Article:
[fpc-pascal] Inherit interface from 2 interfaces
adornno1 at web.de
Tue Apr 12 23:46:32 CEST 2011
On Tue Apr 12, michael.vancanneyt worte:
> On Tue, 12 Apr 2011, Andreas Dorn wrote:
>> On Fri, 8 Apr 2011, michael.vancanneyt worte:
>>> The whole idea of interfaces is to avoid multiple inheritance.
>> Hm. I don't believe that.
>> One of the major points of interfaces is indeed to avoid the problems
>> of multiple class inheritance (diamond problems - i.e. problems caused by
>> conflicting implementations of a method in different ancestor classes).
>> But Interfaces themselves don't have an implementation, so those
>> diamond problems simply don't exist for them.
> Of course they do. If they inherit from 2 interfaces that have the same
> method with a different signature, you have a problem.
> InterfaceA = Interface
> Function IsValid : Integer;
> InterfaceB = Interface
> Function IsValid : String;
Well, I don't see a diamond here as such a serious problem as it is
for multiple class inheritance. (where eventually trying to override
the conflicting methods in descendant classes will bite...)
C# handles multiple interface inheritance quite well, so I'm quite
confident that it's possible to get it done right.
As far as I've seen the "diamond problem for interface inheritance"
there just means that it's not directly possible to call an
ambigous method directly from InterfaceC without first casting to
Interface A or B - and that sounds rational to me. What's important is
that you can get from C to A and B without a blind cast and then call
the method you like.
> How to define :
> InterfaceC = Interface(InterfaceA,InterfaceB)
Let's give it a try:
Interface A and B are sets of pointers to Methods, InterfaceC then
simply is the union of those sets. (As a pure contract InterfaceC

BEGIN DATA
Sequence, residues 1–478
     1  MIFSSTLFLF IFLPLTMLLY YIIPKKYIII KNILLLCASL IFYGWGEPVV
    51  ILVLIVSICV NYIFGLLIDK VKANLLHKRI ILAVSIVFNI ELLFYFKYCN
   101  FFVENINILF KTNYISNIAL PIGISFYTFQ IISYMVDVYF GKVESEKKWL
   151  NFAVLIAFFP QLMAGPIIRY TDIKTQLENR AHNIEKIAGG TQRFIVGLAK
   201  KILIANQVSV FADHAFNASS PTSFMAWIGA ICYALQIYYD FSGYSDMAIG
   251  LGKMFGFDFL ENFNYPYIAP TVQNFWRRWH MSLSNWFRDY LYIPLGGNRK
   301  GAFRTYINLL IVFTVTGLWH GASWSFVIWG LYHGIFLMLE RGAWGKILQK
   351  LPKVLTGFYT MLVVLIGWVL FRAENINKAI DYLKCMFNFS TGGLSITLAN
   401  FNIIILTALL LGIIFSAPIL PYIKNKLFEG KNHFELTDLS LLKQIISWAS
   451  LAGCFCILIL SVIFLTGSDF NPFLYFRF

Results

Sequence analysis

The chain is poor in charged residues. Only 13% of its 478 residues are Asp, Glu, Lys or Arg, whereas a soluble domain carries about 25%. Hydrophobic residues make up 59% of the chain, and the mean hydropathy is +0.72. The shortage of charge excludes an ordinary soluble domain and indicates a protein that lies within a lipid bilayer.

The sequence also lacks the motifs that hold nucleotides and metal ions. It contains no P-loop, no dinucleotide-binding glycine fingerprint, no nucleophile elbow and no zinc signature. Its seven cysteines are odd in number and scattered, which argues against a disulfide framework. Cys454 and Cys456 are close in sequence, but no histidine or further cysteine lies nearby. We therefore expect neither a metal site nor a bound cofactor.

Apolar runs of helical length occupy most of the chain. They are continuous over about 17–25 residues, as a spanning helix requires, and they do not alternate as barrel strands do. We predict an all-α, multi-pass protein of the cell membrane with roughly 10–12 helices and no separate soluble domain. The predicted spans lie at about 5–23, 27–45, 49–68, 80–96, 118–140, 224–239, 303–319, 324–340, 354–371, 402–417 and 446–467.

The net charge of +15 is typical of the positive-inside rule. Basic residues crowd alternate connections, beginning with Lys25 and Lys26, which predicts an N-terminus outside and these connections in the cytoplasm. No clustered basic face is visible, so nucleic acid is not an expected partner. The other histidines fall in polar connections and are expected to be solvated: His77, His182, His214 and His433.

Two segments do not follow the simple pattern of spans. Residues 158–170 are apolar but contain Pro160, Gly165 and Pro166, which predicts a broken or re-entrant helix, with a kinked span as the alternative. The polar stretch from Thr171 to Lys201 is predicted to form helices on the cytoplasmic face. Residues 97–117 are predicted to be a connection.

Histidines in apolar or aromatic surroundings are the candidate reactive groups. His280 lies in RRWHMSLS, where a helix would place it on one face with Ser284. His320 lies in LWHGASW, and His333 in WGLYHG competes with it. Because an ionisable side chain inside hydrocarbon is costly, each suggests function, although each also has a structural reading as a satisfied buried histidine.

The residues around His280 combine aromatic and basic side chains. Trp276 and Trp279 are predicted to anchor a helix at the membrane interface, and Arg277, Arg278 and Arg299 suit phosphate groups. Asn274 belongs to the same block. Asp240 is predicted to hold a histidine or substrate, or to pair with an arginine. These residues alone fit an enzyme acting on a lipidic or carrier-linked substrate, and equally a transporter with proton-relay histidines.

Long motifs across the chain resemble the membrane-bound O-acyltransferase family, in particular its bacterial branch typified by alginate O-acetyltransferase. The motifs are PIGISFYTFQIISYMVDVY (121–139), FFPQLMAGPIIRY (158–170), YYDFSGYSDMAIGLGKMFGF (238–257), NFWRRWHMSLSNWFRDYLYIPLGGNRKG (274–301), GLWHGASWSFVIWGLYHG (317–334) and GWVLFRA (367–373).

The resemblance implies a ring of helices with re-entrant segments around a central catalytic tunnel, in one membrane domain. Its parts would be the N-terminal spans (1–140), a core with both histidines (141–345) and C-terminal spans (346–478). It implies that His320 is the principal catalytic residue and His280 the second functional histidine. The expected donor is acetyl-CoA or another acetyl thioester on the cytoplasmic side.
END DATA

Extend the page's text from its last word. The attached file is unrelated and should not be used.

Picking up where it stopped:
itself doesn't really have to contain non-ambiguous signatures)
It's no problem for a class to implement Interface A and B at
the same time anyway...
TTest = class(TObject, InterfaceA, InterfaceB)
function InterfaceA.IsValid = IsValid_A;
function InterfaceB.IsValid = IsValid_B;
function IsValid_A: Integer;
function IsValid_B: String;
All ambiguities regarding implementation can be resolved by the
implementing class. It just has to map all the pointers to
(non-conflicting) method implementations.
Finally I'd like to mention one usecases for interface inheritance I'd
like to have:
1) Splitting a big IDataInterface into smaller ones, like:
IDataInterface = Interface(IInitMethods, IReadMethods, IEditMethods, ...)
This would allow me to pass an IDataInterface into Factories, Loggers,
etc. without passing too many methods and without ugly runtime casts
or artificial single-inheritance chains...
2) Containers. Without multiple inheritance it's a pain to get
some things like:
IMyContainer = Interface(ISortableContainer, IVectorList, IEditableList,
Practically for me not having multiple interface inheritance sometimes
a) artificial (single) inheritance chains
b) blind runtime casts instead of casts to a known parent
c) having to pass parameters that are bigger than necessary
(IQuery instead of IReadOnlyQuery)
All in all I'd really like to have multiple interface inheritance...
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